Wikipedia to the rescue.  The Rime of the Ancyent Marinere was a poem written in 1798 which has a number of phrases (“water water everywhere…”) that have fallen into common usage along with the use of the term “albatross” as a terrible burden.  In the poem (you can listen to it, in all of its 30 minute glory on Wikipedia) the Mariner has set sail on a voyage with a crew and they appear to be lost when they are followed by an albatross for a number of days.  The site of the bird I believe is used as sign of hope.  Land must be nearby, and the sailors feed it some sort of biscuit and it flies and follows and plays.  Then one day, for reasons unknown, the Mariner shoots and kills the bird with his crossbow.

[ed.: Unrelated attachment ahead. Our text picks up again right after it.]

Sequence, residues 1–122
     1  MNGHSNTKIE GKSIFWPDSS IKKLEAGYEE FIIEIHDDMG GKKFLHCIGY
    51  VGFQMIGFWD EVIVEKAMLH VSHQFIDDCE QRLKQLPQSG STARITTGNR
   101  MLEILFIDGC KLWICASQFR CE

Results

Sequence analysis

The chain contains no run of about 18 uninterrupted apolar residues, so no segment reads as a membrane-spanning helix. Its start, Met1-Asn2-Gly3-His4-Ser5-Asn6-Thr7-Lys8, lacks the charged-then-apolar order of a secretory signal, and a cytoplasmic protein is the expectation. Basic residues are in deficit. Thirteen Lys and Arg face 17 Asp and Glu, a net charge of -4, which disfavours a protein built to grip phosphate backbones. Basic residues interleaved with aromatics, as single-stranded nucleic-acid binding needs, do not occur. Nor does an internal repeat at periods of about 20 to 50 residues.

What follows is a phantasmagoria of a voyage into years of horror, and drought, and famine and utter lostness and finally death for all of the crew, except for the Ancient Mariner, who prior to their death, is forced to wear the dead albatross around his neck, because it was his foolishness that brought all of them into this terrible plight.

I will not spoil the ending for you but I do want to make a point with my tangent.  I have read this book, nearly cover to cover, for every year I have taught this class, which I believe started with the graduating class of 2000.  Despite so many years of reading, and talking about Diplomacy with groups of highly intelligent and motivated young people like yourselves, I still get something new out of this book every time I read it.  A hallmark of a really great book.